Structural-Controlled Synthesis of Highly Efficient Visible Light TiO2 Photocatalyst via One-Step Single-Mode Microwave Assisted Reaction


TiO2 with different chemical structures are successfully synthesized via a one-step single-mode magnetic microwave (SMMW) assisted process, during where Ti selectively oxidizes in magnetic field under Ar-O2 mixed atmosphere. The chemical state and band structure of the as-prepared TiO2 are well-controlled by changing the volume fraction of O2 (φO2) during SMMW synthesis. Ti3+ self-doped TiO2 (TiO2−x, 0 < x < 2) is synthesized under lower φO2, while TiO2 with specific core/shell structure (TiO2+y core/TiO2−x-TiO2+z shell) is observed under higher φO2. The as-synthesized TiO2 with controlled structures show sufficient light absorption in visible region and quite narrow bandgap (2.05 eV), whose value can be also tuned by φO2 during SMMW synthesis. In addition, the synthesized TiO2 exhibits highly efficient photocatalytic performance towards the degradation of Rhodamine B under UV and visible light irradiation. The formation mechanism for different structural TiO2 can be attributed to the specific rapid heating and cooling dynamics induced by SMMW irradiation.


TiO2 photocatalysis have been widely utilized due to its physical and chemical stability, high photocatalytic activity, and nontoxicity1,2. However, the wide bandgap (3.0–3.2 eV) of TiO2 seriously limits its absorption wavelength and photocatalytic performance only in UV light region. Numerous efforts have been paid for enhancing photocatalytic performance of TiO2 in visible light region by inducing doped level from metals3,4 or nonmetals5,6,7,8. However, the element doping may cause thermal or crystal instability and an increase on carrier trapping, which may decrease the photocatalytic efficiency9. In recent years, Ti3+ self-doped TiO2 has attracted much interest, since surface energy level induced by Ti3+ and oxygen vacancies can improve visible-light absorption and results in high photocatalytic performance10,11,12,13,14,15.

In our previous paper, we initially reported a novel single-mode magnetic microwave (SMMW) assisted one-step synthesis of Ti3+ self-doped TiO216. Upon the one-step irradiation of SMMW in pure oxygen atmosphere, Ti target oxidizes in tens of second reaction by rapid temperature change. Such specific heating process can be attributed to the drastic change of MW absorbing property accompanied with changes of chemical state in obtained material. Here in the present research, TiO2 with well-controlled chemical states and band structures were selectively prepared by altering the oxygen fraction (φO2) in an Ar-O2 mixed atmosphere during SMMW synthesis. Ti3+ self-doped TiO2 (TiO2−x, 0 < x < 2) is synthesized under lower φO2, while TiO2 with specific core/shell (TiO2+y core/TiO2−x-TiO2+z shell) structure is observed under higher φO2. The structure-controlled TiO2 show sufficient light absorption in visible region with narrower bandgap (2.05 eV), whose value can be also well tuned by φO2. Meanwhile, the synthesized TiO2 show superior photocatalytic performance to commercial TiO2 in degradation of Rhodamine B (RhB) under both UV and visible light irradiation. The formation mechanism for different structural TiO2 is clarified based on systemically investigation on crystallinity analysis with X-ray diffraction (XRD) patter and Raman spectroscopy, confirmation of chemical state by X-ray photoelectric spectroscopy (XPS), characterization of electrical band structures with UV-visible and photoluminescence (PL) spectroscopy. The SMMW assisted synthesis process described in this paper provides new strategy for the development of functional metal oxides with well-controlled chemical structures and specific properties.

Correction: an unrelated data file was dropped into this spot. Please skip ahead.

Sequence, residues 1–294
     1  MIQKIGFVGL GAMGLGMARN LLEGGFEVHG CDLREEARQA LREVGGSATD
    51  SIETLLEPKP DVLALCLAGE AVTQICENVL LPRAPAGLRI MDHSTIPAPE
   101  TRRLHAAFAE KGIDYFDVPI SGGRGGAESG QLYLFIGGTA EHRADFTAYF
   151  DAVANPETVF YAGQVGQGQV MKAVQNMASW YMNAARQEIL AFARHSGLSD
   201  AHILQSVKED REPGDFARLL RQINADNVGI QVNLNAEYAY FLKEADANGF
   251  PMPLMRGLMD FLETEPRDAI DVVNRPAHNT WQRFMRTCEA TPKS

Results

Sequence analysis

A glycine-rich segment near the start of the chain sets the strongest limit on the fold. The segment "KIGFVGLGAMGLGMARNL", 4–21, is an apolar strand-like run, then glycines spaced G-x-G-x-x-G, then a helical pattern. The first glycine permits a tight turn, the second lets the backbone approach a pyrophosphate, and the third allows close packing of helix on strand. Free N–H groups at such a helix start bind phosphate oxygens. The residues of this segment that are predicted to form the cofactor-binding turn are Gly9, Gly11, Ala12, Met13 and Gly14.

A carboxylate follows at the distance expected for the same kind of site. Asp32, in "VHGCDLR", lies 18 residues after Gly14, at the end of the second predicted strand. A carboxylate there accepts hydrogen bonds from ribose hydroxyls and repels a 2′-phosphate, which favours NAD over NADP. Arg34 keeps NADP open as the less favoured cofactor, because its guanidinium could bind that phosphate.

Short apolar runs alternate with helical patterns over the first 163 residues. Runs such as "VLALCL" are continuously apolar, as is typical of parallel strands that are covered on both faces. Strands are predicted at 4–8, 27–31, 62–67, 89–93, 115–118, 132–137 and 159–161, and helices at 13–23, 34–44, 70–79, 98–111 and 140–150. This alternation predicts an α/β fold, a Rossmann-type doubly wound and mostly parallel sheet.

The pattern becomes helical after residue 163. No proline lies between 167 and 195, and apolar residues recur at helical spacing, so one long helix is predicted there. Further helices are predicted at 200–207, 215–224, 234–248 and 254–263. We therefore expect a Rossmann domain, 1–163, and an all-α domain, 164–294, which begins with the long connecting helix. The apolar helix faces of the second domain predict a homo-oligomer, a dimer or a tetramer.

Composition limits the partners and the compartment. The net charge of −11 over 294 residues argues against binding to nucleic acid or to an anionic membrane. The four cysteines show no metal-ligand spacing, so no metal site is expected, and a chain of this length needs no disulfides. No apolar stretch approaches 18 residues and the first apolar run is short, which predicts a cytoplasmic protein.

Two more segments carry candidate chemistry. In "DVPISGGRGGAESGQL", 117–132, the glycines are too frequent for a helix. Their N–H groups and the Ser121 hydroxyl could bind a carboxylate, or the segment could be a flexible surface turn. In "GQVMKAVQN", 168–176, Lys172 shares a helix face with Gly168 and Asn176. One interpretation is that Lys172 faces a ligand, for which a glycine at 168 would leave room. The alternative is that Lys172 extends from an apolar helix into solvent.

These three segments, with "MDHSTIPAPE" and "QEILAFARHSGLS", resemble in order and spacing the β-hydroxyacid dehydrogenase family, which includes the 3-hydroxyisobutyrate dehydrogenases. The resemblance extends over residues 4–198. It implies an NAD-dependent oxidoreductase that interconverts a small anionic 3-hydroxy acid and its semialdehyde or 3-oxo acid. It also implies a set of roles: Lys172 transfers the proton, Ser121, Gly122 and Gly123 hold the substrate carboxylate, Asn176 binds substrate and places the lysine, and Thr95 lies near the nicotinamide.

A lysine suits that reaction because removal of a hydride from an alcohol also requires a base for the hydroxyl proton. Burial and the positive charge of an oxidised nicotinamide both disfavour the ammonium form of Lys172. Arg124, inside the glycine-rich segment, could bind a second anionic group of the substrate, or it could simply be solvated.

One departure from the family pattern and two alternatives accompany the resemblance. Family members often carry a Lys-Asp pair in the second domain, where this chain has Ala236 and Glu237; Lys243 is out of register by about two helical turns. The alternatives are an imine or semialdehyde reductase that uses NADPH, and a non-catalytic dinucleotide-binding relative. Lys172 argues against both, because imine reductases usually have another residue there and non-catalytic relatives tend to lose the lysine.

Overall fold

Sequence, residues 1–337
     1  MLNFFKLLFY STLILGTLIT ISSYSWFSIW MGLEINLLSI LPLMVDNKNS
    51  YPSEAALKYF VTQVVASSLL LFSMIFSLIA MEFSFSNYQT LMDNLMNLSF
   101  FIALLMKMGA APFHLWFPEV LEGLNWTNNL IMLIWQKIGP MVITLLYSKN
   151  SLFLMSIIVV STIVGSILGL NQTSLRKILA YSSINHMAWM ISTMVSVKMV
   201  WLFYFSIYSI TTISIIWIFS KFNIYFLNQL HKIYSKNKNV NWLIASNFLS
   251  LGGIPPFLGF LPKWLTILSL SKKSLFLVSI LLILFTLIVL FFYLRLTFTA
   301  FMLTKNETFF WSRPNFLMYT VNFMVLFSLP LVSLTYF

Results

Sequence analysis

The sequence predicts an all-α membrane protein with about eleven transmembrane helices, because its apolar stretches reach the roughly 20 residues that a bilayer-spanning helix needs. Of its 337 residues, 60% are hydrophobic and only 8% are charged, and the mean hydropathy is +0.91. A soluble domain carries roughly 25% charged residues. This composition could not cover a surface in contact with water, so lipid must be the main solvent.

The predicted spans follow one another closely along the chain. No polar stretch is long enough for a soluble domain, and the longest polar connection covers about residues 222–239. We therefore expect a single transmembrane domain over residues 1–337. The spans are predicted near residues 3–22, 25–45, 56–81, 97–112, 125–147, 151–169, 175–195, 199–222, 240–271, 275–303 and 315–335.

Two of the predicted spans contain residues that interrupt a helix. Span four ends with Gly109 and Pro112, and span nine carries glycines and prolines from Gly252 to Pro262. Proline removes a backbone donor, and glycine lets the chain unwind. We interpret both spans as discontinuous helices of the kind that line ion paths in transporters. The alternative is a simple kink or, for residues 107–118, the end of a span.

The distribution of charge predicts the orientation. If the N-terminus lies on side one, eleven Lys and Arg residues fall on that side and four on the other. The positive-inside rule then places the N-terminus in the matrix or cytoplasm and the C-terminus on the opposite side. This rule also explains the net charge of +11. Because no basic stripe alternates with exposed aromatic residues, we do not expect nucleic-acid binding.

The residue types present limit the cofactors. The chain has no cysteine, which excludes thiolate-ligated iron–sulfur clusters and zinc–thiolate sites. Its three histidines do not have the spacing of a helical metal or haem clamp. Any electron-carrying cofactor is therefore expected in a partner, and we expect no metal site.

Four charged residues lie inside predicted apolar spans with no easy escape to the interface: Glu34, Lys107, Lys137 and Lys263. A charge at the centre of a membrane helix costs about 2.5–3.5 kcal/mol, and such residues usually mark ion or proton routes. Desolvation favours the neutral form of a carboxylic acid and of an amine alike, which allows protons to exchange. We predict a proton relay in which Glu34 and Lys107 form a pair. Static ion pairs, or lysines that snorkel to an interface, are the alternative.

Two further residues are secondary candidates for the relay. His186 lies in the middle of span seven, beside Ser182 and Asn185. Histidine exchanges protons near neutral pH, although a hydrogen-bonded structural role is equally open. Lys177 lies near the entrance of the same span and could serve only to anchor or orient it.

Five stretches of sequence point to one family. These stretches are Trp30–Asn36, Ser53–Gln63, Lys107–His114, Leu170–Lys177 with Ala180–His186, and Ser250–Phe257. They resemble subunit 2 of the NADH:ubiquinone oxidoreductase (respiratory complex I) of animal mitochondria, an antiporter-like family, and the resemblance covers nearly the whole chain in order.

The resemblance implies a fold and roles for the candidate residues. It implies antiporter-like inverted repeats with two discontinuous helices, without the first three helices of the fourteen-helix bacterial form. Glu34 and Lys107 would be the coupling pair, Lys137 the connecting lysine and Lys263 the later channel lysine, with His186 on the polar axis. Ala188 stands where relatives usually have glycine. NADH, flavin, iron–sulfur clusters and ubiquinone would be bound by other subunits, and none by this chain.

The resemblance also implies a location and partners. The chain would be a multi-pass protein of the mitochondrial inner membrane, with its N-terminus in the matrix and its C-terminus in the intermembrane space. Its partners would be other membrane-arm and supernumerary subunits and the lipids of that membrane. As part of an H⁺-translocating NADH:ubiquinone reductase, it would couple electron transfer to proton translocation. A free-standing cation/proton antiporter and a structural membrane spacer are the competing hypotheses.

Results and Discussion

Figure 1a shows XRD pattern of the as-synthesized TiO2 samples. In the case of TiO2 prepared by MW irradiation under lower φO2 (MW-O5/MW-O10/MW-O20), two sets of diffraction peaks can be observed, corresponding to rutile TiO2 and Ti2O. With increasing of φO2, the intensity of rutile diffraction peaks increased while Ti2O peaks was disappeared, clearly demonstrates the progressive oxidation of target Ti. In addition, Figure 1b presents the change of lattice parameter of rutile TiO2 as a function of φO2. Interestingly, the lattice constant of a-axis and cell volume (V) significantly varied with φO2, taking the minimum value in the sample MW-O10. In the case of sample synthesized at the lowest φO2 (MW-O5), the a-axis lattice constant and V show the largest value. For samples synthesized under higher φO2 (MW-O10, MW-O20, MW-O30), the a-axis lattice constant and V are much smaller than MW-O5 and these values are gradually increased as φO2 increased. It has been reported that when oxygen vacancy is induced in TiO2, the Ti-Ti and Ti-O bonds are strongly relaxed and the nearest-neighbor Ti atoms move outward from the vacancy along a-axial, leading to the expanding of lattice constant of a-axis17. Thus, the expended large a-axis constant and V in sample MW-O5 can be attributed to the induce of oxygen defects. On the other hand, in the case of TiO2 possessing excessive oxygen atom, Ti-O bond is slightly relaxed because interstitial O atom repulse against lattice O atom, and coordinate with nearest-neighbor Ti atom, whose phenomenon seems to cause a slightly expanded lattice. It can be suggested that the TiO2 prepared under higher φO2 consists of both TiO2−x and TiO2+y states with regular arrangement of oxygen vacancy and excessive O atom, respectively.

Figure 1

(a) XRD patterns of raw-Ti and as-prepared TiO2. (b) Changes of the a-axis and cell volume of rutile TiO2 synthesized under various atmosphere; the dashed lines indicate the value of rutile TiO2 phase (JCPDS-ICDD card No. 01-084-1283) as reference.

Figure 2 shows Raman spectra of synthesized samples, summarized Raman shift of Eg mode of TiO2 as a function of φO2. As a result, characteristic peaks which are attributed Raman active modes of rutile crystal phase are observed in the spectra18,19. The peak of Eg mode is red-shifted with decrease of φO2. The red-shifting of Eg can be attributed to the inducing of oxygen vacancy defects since it has been reported that Eg mode is sensitive against oxidation state of rutile TiO2 in Raman spectra, which would be significantly red-shifted due to formation of oxygen vacancy defects in TiO220,21.